In English, many things are named after a particular country – but have you ever wondered what those things are called in those countries?
1receptivoto be in a receptive frame of mind — estar dispuesto a escuchar
- to be receptive to sth — estar abierto a algo
- You have to show yourselves as people with open minds, receptive to the ideas of independent voices in the boardroom.
- Our President, it is said, simply wasn't receptive to this idea.
- His ideas found a receptive audience in literate circles from Lisbon to Moscow, and they supply a convenient starting place for an examination of European political systems.
- But were foresters, or for that matter loggers, receptive to this idea?
- You are receptive to new ideas and intuitive in relationships.
- They were both extremely interested and receptive to my ideas.
- People are open and receptive to timely suggestions on what to drink.
- They must be open and receptive to the ideas of others.
- To his credit, he has had an excellent rapport with the selectors, who find him quite receptive to ideas and suggestions from various quarters.
- He attempts to settle his mother into the nursing home, but finds that her old friends aren't quite so receptive to the idea.
- Their motivation for the series is to expand its audience among the theater-going public, which is not always receptive to new ideas.
- She says people are very receptive to this idea.
- If other group members appraise him as a creative type, they are likely to be a receptive audience for his ideas, and he should fit into the group harmoniously.
- Even those who were most receptive to foreign ideas adapted them in line with traditional Russian concerns, interests and attitudes.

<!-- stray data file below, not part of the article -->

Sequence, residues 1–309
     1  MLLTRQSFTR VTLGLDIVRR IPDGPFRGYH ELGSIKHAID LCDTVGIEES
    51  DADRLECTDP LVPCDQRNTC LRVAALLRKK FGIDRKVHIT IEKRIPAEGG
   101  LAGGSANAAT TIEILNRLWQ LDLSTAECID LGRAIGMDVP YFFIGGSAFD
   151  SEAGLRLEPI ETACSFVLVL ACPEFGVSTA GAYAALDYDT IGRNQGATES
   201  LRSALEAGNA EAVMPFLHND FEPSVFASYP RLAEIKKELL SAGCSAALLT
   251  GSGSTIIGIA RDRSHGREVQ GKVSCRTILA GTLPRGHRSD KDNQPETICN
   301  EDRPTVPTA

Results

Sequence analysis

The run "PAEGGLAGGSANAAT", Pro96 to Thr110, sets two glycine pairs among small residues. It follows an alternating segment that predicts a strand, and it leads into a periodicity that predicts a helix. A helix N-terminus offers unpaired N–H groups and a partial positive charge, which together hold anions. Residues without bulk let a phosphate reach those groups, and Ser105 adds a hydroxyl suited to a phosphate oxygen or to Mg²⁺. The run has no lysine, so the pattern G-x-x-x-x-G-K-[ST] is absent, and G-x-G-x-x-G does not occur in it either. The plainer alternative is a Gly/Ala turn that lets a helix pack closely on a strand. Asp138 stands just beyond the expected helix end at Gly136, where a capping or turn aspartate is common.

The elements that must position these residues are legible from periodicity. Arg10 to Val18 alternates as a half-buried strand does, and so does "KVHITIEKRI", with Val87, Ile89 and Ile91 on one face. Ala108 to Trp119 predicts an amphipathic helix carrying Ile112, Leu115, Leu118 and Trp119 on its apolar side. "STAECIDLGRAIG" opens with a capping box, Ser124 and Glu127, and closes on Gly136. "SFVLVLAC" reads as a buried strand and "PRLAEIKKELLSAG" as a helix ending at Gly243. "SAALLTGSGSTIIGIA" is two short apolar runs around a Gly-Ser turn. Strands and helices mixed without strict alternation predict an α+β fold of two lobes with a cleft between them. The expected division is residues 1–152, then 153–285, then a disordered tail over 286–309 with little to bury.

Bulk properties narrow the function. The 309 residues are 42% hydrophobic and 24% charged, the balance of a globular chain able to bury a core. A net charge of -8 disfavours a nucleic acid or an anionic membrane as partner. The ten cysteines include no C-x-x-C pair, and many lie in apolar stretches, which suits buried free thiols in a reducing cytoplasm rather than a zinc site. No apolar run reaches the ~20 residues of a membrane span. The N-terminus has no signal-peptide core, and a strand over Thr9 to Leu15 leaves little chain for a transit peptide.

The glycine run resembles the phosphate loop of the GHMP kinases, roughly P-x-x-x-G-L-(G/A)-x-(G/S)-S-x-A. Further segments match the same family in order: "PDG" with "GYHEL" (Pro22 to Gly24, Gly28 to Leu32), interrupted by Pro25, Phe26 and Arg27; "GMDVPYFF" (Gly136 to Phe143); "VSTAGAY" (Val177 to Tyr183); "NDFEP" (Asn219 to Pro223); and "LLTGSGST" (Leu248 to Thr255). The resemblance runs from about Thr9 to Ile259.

- Unfortunately not many of them were receptive to the idea.
- So far the government has proved receptive to the idea.
- We have sought to respond to their concerns and have been receptive to new ideas and theories put forward by them.
- Sometimes, even if you think you're being totally reasonable, your mom may not be receptive to your suggestions.
- I think it helps them become better musicians because they are more receptive to different musical ideas.
- Some ministers are known to be receptive to the idea of tolls, provided they are only applied to new roads.
English has borrowed many of the following foreign expressions of parting, so you’ve probably encountered some of these ways to say goodbye in other languages.
Many words formed by the addition of the suffix –ster are now obsolete - which ones are due a resurgence?
As their breed names often attest, dogs are a truly international bunch. Let’s take a look at 12 different dog breed names and their backstories.